The Quick Definition: A broadcast domain is a logical division of a computer network, in which all nodes can reach each other by broadcast at the data link layer.
Let’s say you have several computers connected to a Layer 2 switch. The reason the device is called a Layer 2 switch is that the hardware learns and stores the MAC address (also known as the physical address) of a device’s network cards.
By storing those hexadecimal numbers, the switch can make intelligent decisions about how to route packets to and from a specific device. Layer 2 switches can also be configured with VLANs to service multiple networks. Since the switch has learned about the devices that are connected, it also knows (from the switch configuration) what network those devices are connected to.
What exactly a broadcast domain does
From our definition of a broadcast domain, we can also state that a broadcast describes a process that forwards packets to all machines on the network. Only devices communicating within a given network will receive the broadcast traffic.
Also, broadcasts do not cross network boundaries, i.e. broadcasts are not routable from one network to another. If they did, you can imagine the amount of traffic that would be generated across networks and/or the internet!
How MACs figure into the equation
We mentioned the MAC address earlier. This is a unique address assigned to all network interfaces. It is expressed as a hexadecimal value like ac:de:48:00:11:22. A Layer 2 switch stores these values and knows exactly what port on the switch a given MAC Address is connected.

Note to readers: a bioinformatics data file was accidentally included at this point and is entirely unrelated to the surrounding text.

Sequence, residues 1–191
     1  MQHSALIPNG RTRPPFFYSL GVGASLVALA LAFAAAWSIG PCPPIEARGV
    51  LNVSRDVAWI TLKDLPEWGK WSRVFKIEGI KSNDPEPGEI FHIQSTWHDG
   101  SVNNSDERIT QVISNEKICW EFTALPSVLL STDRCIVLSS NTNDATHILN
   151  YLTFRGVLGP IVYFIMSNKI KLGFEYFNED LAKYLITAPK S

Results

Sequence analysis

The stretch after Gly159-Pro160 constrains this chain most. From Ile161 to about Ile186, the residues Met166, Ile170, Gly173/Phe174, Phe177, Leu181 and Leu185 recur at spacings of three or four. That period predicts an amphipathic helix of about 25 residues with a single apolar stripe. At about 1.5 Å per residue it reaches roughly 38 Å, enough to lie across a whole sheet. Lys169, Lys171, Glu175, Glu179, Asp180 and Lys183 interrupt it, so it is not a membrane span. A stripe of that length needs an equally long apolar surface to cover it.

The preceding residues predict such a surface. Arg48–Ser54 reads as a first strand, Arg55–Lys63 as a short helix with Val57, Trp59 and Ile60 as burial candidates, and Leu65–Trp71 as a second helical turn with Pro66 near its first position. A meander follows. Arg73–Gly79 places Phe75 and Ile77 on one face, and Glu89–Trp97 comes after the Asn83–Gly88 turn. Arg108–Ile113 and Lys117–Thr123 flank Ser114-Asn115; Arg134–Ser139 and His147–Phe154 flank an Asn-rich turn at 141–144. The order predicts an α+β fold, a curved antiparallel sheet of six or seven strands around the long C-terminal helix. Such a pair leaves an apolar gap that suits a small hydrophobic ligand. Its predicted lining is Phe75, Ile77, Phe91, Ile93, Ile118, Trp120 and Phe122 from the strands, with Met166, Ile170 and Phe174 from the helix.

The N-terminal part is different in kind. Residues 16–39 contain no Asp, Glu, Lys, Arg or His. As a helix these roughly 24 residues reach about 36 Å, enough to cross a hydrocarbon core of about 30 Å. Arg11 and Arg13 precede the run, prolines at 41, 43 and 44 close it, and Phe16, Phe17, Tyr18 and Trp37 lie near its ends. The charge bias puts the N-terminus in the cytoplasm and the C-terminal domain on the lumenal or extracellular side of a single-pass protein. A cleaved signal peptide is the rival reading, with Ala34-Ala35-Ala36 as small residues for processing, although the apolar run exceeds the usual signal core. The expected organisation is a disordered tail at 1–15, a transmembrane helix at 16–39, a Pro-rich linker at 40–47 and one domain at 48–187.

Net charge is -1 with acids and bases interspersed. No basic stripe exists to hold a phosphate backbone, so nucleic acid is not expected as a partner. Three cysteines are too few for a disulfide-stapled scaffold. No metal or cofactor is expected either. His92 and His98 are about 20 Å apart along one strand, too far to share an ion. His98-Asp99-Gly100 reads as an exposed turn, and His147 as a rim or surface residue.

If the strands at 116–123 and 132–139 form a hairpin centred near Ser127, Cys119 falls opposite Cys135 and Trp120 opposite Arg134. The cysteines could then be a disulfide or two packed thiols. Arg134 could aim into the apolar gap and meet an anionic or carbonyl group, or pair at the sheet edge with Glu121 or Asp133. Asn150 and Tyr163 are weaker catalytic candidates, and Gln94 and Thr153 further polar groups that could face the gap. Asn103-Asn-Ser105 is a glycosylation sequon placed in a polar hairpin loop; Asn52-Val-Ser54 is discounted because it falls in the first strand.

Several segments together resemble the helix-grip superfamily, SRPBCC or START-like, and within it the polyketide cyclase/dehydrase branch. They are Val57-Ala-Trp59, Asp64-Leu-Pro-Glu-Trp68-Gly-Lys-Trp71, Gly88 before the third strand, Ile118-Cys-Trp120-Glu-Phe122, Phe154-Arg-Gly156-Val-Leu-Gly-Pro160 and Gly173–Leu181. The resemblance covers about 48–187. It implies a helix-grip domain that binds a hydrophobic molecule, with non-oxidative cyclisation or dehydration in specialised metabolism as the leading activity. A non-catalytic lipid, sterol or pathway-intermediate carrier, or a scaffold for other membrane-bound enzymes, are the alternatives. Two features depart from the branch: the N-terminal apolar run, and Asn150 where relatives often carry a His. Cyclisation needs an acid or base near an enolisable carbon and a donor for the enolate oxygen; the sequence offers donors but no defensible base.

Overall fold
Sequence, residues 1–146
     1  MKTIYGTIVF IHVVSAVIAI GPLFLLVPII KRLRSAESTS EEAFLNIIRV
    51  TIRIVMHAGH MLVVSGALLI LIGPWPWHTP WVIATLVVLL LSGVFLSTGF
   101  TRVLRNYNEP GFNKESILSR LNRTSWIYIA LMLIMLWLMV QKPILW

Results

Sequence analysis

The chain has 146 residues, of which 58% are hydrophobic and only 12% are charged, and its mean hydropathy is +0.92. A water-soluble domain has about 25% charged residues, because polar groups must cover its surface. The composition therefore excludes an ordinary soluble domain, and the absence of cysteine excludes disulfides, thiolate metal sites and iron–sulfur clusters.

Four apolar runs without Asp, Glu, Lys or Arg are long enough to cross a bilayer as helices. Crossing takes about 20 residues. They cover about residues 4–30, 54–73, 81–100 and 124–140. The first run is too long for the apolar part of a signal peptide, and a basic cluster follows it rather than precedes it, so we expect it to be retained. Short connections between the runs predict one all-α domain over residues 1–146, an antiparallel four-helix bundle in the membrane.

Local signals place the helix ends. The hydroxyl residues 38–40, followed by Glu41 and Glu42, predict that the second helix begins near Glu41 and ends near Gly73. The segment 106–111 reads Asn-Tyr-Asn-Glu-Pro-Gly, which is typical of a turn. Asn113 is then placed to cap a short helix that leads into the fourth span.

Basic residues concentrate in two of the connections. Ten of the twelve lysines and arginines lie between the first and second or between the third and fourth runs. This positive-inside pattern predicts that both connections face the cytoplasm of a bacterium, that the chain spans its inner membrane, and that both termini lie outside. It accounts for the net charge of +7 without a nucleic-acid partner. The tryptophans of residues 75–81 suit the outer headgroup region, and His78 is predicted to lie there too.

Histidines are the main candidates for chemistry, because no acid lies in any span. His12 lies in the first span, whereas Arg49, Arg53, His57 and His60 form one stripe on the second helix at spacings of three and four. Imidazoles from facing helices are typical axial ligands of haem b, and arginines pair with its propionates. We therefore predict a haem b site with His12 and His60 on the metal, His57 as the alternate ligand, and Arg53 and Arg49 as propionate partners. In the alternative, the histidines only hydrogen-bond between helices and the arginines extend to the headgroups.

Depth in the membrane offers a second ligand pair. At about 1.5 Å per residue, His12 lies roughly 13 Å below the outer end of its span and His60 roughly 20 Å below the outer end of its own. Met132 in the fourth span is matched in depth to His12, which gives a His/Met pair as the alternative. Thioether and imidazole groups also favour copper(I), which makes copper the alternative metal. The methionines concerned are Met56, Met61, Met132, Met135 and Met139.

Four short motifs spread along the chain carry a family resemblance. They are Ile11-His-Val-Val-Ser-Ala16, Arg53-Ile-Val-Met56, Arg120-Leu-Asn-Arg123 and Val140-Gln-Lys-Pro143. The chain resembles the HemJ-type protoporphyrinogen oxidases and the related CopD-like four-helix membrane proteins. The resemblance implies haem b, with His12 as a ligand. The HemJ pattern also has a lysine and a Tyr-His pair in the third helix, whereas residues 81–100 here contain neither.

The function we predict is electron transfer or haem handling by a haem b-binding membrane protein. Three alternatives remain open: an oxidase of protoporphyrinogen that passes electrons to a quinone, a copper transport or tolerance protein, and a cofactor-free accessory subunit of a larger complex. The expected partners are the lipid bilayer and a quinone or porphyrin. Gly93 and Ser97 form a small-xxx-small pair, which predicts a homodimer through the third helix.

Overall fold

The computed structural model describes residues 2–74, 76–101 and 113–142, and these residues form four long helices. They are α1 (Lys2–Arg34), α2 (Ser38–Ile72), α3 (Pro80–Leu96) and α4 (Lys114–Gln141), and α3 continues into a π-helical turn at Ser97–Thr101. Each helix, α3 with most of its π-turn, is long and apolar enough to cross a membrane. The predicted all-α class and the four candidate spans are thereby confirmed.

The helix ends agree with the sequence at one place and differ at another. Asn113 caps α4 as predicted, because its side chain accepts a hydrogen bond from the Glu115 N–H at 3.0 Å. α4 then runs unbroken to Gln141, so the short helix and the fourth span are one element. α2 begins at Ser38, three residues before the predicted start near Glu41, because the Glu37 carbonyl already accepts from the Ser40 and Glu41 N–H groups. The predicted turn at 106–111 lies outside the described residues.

When a packet is sent to the device with MAC Address: ac:de:48:00:11:22, the switch immediately forwards the packet out of the connected port and straight to the device. No other devices on the network have to listen to or process that packet. This helps to reduce the amount of ‘noise’ and overall traffic on a given network.
A broadcast packet has a specific hexadecimal value for the destination MAC address: ff.ff.ff.ff.ff.ff.
When a switch receives this value, it knows to forward the traffic to all devices on the network where the broadcast originated. If you have 24 devices connected to a given network or VLAN on your Layer 2 switch, all 24 devices will receive and process all broadcast packets on that VLAN.
Broadcast domains in action
A common example of a broadcast is when an IP address is dynamically assigned to a device using DHCP. When the device requests an IP address it sends a broadcast out across the network looking for a DHCP server. If there is a DHCP server present, the server will send the next available IP address directly to the device that sent the request.
CBT Nuggets trainer Keith Barker goes into more details about broadcast domains here:
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